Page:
Obviously, I was not thinking clearly when I said this to an almost five year old city girl.
Later when it was time for bed, I told Ruthie to go out to the camper and get into her jammies. She had done this countless times, this running back and forth between house and camper. But shortly after she opened the sliding glass doors leading out to the back patio, she came running back down the hall, crying hysterically that there were “Hawaii’s out there!” (I love the mis-spoken words of preschoolers)
Let’s just say getting the kids to go to sleep that night was…challenging, and I basically had to stay in the camper with them until they were both asleep.
Somehow I’ve managed to maintain my current weight this week even though every flat surface in this house is covered with something sugared or baked. I mean, for cryin’ out loud! I nibble a little here, and I nibble a little there, but for the most part I have avoided a full throttle gorge.
Today, Christmas Eve, it is delightful outside. It is the sort of day that requires one to use the word “delightful.” I’m wearing my summer capri pants with sandals (no socks, of course), and the kids are barefoot out in the yard. I told my mom this – my mom who lives in Minnesota – and I was ordered to “hush up.”
It’s true that a change of circumstances has lifted my Christmas spirit. While I would like to say I learned to find joy in the midst of my circumstances, what really happened is that I found sun and warmth in the midst of the Seattle rainy season.
Not very spiritual, but extremely practical.
It also helps that there is Christmas cheer everywhere in the Zug Clan. In fact, the evening we pulled up to my brother-in-law Brad’s house for dinner and saw his house wrapped in lights with lighted Santas in the yard, Thomas said, “Wow, daddy, that’s a lot of Christmas!” Bryan’s dad’s house is decorated, too, and even our camper has lights on it with a candy cane lined walk leading up to it.
Yesterday we spent the evening with all of Bryan’s cousins on his mom’s side. We last saw everyone two years ago, so it was fun to ooo and aahhh at how big everyone’s children were. There are six cousins in all, plus spouses, plus a million kids between everyone so it was a packed house, but so much fun.
I’m looking forward to some post-Christmas fun activities, including, but not limited to, a trip to Disneyland and an excursion to the Joshua Tree National Park.
If you are bored, or missing me, or both, follow my witty Twitters, which come more frequently than my blog posts.
It takes me fifteen minutes just to get to the interstate from where we are staying, on a hill high enough that my ears pop every time we go into town. On the interstate it takes another 10-15 minutes to get to Costco, or Target, or wherever I’m headed (because, you know, I saved all my Christmas shopping for when I was ON VACATION). For a girl who lives in a walkable community, a couple miles from everything else she needs, having time for only one errand a day was not on the agenda.
Californians are not hospitable drivers. They don’t like to speed up or slow down to allow for your merging needs. They would much rather you slam on your breaks at the end of the on ramp to avoid running into the guard rail.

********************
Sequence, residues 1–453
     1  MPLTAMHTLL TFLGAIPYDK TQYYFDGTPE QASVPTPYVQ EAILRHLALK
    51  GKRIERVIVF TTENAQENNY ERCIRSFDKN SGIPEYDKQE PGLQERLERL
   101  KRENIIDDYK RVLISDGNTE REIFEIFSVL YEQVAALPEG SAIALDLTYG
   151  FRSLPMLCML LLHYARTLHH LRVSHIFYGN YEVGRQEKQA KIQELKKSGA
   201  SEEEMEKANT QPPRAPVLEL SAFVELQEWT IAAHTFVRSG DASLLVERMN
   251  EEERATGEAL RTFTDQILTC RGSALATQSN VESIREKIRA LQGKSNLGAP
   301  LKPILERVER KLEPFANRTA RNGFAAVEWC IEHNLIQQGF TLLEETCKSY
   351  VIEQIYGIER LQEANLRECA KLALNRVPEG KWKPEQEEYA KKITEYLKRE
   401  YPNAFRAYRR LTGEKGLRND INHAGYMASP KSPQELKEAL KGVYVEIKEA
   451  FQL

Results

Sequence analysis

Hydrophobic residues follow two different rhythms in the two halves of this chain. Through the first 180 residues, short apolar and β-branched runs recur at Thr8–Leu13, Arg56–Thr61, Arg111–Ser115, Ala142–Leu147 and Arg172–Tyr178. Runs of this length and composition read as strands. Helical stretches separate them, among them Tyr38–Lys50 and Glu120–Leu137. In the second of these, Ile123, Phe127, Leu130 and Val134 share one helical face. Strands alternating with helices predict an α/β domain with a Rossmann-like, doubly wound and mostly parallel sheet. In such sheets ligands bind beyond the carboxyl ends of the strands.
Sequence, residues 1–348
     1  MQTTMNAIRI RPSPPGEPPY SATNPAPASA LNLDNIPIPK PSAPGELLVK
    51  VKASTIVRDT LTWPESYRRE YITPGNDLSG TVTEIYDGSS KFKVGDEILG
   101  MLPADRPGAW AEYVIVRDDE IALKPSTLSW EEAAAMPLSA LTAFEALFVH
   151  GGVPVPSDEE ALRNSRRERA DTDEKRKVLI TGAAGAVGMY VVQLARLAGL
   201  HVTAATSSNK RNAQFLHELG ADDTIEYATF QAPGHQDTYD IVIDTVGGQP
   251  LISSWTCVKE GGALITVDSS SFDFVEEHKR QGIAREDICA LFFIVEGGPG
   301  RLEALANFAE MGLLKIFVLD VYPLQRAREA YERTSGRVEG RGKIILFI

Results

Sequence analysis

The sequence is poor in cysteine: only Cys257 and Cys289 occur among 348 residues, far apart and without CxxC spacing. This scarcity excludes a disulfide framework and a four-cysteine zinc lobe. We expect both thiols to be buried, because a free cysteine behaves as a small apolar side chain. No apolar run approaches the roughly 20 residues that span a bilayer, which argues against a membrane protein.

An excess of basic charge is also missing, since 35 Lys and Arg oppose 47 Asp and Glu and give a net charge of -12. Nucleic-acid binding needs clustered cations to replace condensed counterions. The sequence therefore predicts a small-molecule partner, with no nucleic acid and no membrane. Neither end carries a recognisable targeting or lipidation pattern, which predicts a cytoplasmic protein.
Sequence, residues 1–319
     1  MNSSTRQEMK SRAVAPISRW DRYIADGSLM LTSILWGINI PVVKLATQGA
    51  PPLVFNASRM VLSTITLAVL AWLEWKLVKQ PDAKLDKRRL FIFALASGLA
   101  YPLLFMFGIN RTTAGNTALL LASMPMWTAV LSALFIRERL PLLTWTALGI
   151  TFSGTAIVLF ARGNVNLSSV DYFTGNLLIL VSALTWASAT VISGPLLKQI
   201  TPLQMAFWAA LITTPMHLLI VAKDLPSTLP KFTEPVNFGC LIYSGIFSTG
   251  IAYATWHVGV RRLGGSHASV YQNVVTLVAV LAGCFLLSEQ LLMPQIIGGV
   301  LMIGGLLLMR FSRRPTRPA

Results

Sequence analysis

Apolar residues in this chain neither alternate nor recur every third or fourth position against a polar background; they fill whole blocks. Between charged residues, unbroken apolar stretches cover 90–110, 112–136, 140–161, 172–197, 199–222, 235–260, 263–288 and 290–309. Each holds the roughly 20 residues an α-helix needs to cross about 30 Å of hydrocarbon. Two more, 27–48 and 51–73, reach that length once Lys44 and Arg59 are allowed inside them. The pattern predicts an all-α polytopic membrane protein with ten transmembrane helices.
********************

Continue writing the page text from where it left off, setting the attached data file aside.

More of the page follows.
Also? For some reason, as I drive around Southern California in our rented Chevy Trail Blazer with tinted windows (it was cheaper than the minivan – I promise), I feel the need to listen to the pop and hip hop stations. What’s up with that? Is it a California thing? An SUV thing? Is it a tinted window thing? I don’t know, but I think Bryan will dig his ears out with a spoon if he has to hear Justin Timberlake in the car one. more. time.
Despite the fact that we didn’t go to bed last night until after eleven, Ruthie was still standing at the end of our bed at 6:45 this morning, demanding that we be awake now.
“I’m sure grandpa’s awake,” said Bryan into his pillow.
So I jumped up, threw some clothes and a box of cereal at her, and held the door open while she stepped out of the camper…then jumped back into bed.
This morning it occurred to me, as I observed my daughter at the airport security check point, that this is the third time this year we have traveled by airplane with the kids. I was thinking of this because Ruthie walked right up to the x-ray machine, took her shoes off, and put them in a bucket to be sent through – no direction needed.
Not every kid knows what to do when at an airport security check point, but apparently mine do. I guess it’s the natural consequence of living far away from grandparents.
I think Bryan’s dad has in mind that we should stay here forever, which is exactly what Thomas and Ruthie keep asking. He and his wife, Marilyn, set up their pull-behind camper next to the house, fully hooked it up, and stocked it with wine, beer, and a bunch of other stuff I didn’t notice after I saw the wine. It’s even decorated for Christmas with lights on the outside, a tiny Christmas tree, and stockings with our names on them.
And to boot, there is a brand new swing set in the yard and, like, an acre of land to be explored.
Ruthie keeps asking, “Is this our new house?” and “Can we stay here forever?”
To which I say, “As long as the wifi reaches out to the camper and the wine continues to flow, I just might consider it.”